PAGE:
First-year Students Enjoy MIT Orientation

Hockfield Greets Freshmen at Convocation Sunday; Graduate Orientation Underway

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Freshmen groove at the Dance Party Orientation event Saturday evening in La Sala de Puerto Rico in the Student Center.
David Templeton—The Tech

With the fall term around the corner, first-year undergraduate and graduate students populated the campus this past weekend to kick-off this year’s event-filled orientation programs.

The undergraduate orientation theme this year is “Tech Royale,” which plays off the most recent James Bond movie “Casino Royale,” according to Daniel W. Chapman, staff associate for the Office of Undergraduate Advising and Academic Programming.

This year, 1,069 freshmen and nearly 1,200 parents are expected to attend Orientation, Chapman said.

Orientation for the Class of 2011 began yesterday with Convocation in Killian Court. At Convocation, President Susan Hockfield formally welcomed new students and their parents to the Institute.

“We value the hand that reaches out … that makes the world a better place,” Hockfield said. She warned the incoming class about some of the trials they will face in the next four years, specifically addressing the “seemingly endless problem sets.”

Bonnie Figgatt, parent of Caroline M. Figgatt ’11, said that she was glad to hear Hockfield talk about MIT’s mission to improve the world. “It’s very exciting to have a daughter coming to such a remarkable place,” Figgatt said.

Many of the freshmen also took Hockfield’s message to heart. “That’s the biggest thing we need to be focusing on … taking the education and giving back,” Steven Arcangeli ’11 said.

During Convocation, the Orientation coordinators presented Hockfield with the Convocation Book, which contains the names of the new class.

According to Julie B. Norman, director of UAAP, 17 Freshman Pre-Orientation Programs were held one week before Orientation, including a new departmental energy and environmental FPOP. These FPOPs gave freshmen a chance to explore specific areas of study or non-academic interests before Orientation began. Norman said that 468 students participated in FPOPs this year.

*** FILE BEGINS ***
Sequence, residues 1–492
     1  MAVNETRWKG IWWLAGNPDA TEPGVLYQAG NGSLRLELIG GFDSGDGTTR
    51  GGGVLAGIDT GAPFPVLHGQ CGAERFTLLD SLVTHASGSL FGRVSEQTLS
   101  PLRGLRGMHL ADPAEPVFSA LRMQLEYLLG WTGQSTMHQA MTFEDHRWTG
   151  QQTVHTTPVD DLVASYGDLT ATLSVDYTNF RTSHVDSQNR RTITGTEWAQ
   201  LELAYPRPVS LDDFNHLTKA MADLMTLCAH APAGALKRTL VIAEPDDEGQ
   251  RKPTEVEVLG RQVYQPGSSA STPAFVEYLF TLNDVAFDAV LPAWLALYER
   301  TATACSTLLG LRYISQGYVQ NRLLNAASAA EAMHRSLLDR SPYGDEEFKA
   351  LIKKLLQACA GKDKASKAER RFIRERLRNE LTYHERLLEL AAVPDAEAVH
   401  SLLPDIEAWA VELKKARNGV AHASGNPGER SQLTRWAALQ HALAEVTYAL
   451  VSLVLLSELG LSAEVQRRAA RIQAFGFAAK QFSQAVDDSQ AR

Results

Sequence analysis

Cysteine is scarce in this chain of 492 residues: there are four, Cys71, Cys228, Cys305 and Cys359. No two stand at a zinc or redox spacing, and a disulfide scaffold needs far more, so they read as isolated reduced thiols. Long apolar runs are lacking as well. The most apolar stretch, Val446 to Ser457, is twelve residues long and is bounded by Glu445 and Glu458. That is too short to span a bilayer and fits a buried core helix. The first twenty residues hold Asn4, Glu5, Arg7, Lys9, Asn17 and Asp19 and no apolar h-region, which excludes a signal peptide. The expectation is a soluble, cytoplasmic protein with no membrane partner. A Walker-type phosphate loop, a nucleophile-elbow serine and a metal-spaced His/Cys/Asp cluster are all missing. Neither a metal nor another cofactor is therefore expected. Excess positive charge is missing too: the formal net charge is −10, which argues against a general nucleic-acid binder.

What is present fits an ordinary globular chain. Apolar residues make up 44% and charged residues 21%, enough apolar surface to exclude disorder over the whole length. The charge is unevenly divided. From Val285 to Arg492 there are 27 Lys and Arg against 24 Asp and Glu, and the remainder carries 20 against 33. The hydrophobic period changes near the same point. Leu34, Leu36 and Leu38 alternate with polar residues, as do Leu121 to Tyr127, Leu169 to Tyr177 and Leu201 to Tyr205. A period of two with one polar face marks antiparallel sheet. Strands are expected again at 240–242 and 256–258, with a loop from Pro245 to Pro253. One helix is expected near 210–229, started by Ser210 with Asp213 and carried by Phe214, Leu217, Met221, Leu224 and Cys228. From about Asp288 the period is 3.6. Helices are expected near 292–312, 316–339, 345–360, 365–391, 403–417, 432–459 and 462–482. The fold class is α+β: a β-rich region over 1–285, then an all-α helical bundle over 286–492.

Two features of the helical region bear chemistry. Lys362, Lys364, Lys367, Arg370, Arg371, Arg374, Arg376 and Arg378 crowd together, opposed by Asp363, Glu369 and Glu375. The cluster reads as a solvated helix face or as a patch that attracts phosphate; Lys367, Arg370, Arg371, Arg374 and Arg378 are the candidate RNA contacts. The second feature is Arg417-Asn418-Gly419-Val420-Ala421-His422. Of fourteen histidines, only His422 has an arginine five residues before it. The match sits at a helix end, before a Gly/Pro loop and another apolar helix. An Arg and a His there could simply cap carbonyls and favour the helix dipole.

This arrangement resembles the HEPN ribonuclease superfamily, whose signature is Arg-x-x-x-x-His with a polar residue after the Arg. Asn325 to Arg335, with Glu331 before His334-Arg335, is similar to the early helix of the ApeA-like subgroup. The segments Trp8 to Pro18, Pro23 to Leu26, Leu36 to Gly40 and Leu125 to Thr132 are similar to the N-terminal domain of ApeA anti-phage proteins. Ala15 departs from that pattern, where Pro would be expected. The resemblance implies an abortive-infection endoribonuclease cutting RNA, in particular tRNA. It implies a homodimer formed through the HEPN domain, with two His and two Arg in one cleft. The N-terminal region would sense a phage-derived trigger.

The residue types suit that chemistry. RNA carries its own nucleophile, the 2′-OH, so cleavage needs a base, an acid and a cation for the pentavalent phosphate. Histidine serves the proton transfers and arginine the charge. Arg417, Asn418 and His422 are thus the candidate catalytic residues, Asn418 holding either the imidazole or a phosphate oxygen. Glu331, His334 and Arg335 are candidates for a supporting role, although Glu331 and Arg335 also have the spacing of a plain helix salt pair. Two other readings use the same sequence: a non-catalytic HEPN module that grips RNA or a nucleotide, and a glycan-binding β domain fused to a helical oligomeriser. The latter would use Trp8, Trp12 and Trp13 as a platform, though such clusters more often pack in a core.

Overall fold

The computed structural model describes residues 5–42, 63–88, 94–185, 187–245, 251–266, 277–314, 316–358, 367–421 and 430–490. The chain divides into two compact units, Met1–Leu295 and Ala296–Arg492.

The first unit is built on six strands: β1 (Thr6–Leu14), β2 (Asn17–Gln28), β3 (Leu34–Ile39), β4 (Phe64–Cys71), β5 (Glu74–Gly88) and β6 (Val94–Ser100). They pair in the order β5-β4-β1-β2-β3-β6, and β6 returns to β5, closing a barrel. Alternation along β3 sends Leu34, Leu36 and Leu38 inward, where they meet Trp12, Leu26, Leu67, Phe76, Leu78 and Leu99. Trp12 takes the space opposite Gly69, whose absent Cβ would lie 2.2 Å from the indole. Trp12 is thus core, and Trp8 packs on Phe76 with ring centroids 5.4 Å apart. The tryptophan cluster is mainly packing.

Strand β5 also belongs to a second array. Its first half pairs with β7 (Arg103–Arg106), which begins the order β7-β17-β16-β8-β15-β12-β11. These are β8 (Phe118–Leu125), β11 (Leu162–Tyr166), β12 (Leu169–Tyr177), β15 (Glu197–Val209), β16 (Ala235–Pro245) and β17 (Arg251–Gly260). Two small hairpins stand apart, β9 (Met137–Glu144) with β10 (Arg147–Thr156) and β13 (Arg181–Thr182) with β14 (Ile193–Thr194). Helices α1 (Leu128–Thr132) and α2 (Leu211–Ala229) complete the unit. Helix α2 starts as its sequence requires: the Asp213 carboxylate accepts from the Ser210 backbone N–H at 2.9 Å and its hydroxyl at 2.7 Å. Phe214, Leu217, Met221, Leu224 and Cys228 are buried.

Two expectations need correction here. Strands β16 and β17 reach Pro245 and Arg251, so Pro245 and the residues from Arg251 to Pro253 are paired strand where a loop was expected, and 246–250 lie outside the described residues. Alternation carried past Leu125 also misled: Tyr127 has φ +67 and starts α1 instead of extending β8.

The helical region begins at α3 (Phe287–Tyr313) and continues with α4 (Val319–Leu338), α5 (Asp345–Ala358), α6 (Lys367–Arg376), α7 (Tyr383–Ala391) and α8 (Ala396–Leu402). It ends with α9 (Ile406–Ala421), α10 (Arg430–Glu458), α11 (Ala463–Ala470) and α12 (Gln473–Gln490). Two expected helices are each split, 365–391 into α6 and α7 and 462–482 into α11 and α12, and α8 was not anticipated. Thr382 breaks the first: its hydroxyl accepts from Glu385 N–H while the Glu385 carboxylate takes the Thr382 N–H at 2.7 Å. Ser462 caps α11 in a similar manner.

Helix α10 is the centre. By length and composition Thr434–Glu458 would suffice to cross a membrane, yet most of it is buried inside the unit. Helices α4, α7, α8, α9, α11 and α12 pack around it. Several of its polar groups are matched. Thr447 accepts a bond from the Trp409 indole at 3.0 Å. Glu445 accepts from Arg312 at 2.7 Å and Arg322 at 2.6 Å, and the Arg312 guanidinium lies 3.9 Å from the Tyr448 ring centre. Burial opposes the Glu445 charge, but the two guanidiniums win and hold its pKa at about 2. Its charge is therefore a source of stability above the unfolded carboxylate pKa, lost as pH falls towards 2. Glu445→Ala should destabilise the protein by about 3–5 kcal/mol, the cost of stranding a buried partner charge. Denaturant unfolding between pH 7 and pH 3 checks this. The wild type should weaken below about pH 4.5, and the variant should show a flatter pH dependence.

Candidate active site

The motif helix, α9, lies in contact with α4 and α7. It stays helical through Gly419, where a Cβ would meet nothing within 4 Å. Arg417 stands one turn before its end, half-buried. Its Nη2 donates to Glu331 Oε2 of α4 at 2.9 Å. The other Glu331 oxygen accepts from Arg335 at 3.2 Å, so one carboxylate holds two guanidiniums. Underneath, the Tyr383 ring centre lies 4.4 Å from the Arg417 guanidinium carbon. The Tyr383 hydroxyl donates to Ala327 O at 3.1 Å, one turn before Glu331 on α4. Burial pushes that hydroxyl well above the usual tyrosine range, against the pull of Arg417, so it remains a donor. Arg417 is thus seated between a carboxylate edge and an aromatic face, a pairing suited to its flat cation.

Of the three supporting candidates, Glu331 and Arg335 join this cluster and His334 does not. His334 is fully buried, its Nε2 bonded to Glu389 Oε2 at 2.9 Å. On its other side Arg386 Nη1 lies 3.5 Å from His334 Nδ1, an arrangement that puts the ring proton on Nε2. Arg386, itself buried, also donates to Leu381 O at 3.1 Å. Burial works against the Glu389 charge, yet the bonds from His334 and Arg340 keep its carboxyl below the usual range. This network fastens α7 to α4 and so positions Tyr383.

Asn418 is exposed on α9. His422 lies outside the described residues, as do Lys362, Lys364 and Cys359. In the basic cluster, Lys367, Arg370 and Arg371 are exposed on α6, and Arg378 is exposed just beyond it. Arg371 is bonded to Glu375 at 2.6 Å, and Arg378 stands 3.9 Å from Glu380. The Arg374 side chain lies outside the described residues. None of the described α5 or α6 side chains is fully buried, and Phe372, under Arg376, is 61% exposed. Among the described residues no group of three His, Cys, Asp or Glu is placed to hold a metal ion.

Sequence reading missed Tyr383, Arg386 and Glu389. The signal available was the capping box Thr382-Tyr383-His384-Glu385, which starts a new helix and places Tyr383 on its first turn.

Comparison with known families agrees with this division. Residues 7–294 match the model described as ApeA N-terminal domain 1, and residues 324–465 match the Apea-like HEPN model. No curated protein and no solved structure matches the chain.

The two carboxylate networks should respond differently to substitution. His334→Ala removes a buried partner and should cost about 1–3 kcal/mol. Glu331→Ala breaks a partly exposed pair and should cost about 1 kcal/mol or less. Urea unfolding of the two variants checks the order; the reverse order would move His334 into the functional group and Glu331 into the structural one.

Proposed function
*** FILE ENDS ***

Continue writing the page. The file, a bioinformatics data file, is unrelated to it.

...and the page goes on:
Several aspects of Orientation changed this year, Chapma said. In the spirit of the “Tech Royale” theme, UAAP replaced last year’s Freshman Boat Cruise with a “Tech Royale Casino Night.” The event will be held at the Longwharf Marriott Hotel Friday, and professors have been invited to mingle with students at the card tables, according to the Orientation guide.

“The City of Cambridge does not allow any fake tables or play money,” Chapman said. “However, the Marriott is a fancier venue, and we’ve created a ballroom atmosphere.” According to Chapman, there will be several card tables, blackjack tables, other games, and a movie that will be part of the whole “Tech Royale” theme.

For the first time, MIT will bring in a diversity speaker for Orientation. Instead of showing a student-produced video on diversity, Eddie Moore, Jr., a professional speaker, will talk about ethnic, racial, and sexual diversity in society.

The freshmen also received a five-subject notebook for free during check-in this year, according to Chapman. The UAAP worked with a company called Shadow Notebooks to include eight pages of MIT-related information in the front of the notebooks.

The coordinators for this year’s Orientation are Edward G. Fagin ’08, Kaitlyn G. McCartney ’09, Joshua L. Sklarsky ’09, Ted A. Fernandez ’09, and Emily J. Onufer ’10.

Grad students learn about MIT

In the midst of the undergraduate orientation frenzy, the graduate orientation, mainly hosted by the Graduate Student Council, also kicked off yesterday with a welcome barbecue at Ashdown House. The graduate welcome address will occur at Kresge Auditorium on Thursday.

Unlike the undergraduate orientation, which is more focused on activities, athletics, and social life, the graduate orientation focuses on career options, resources around campus, and cultural assimilation of the international students.

According to GSC President Leeland B. Ekstrom G, this year’s graduate orientation will focus more on international students, which constitute nearly 30 percent of the MIT graduate population.

“One of the GSC events that wasn’t done last year is the International Festival,” said Sabrina L. Spencer G, a graduate orientation coordinator.

Graduate student orientation will end on Sept. 22 with the Mid-Autumn Boston Harbor Cruise.

Nick Semenkovich contributed to the reporting of this article.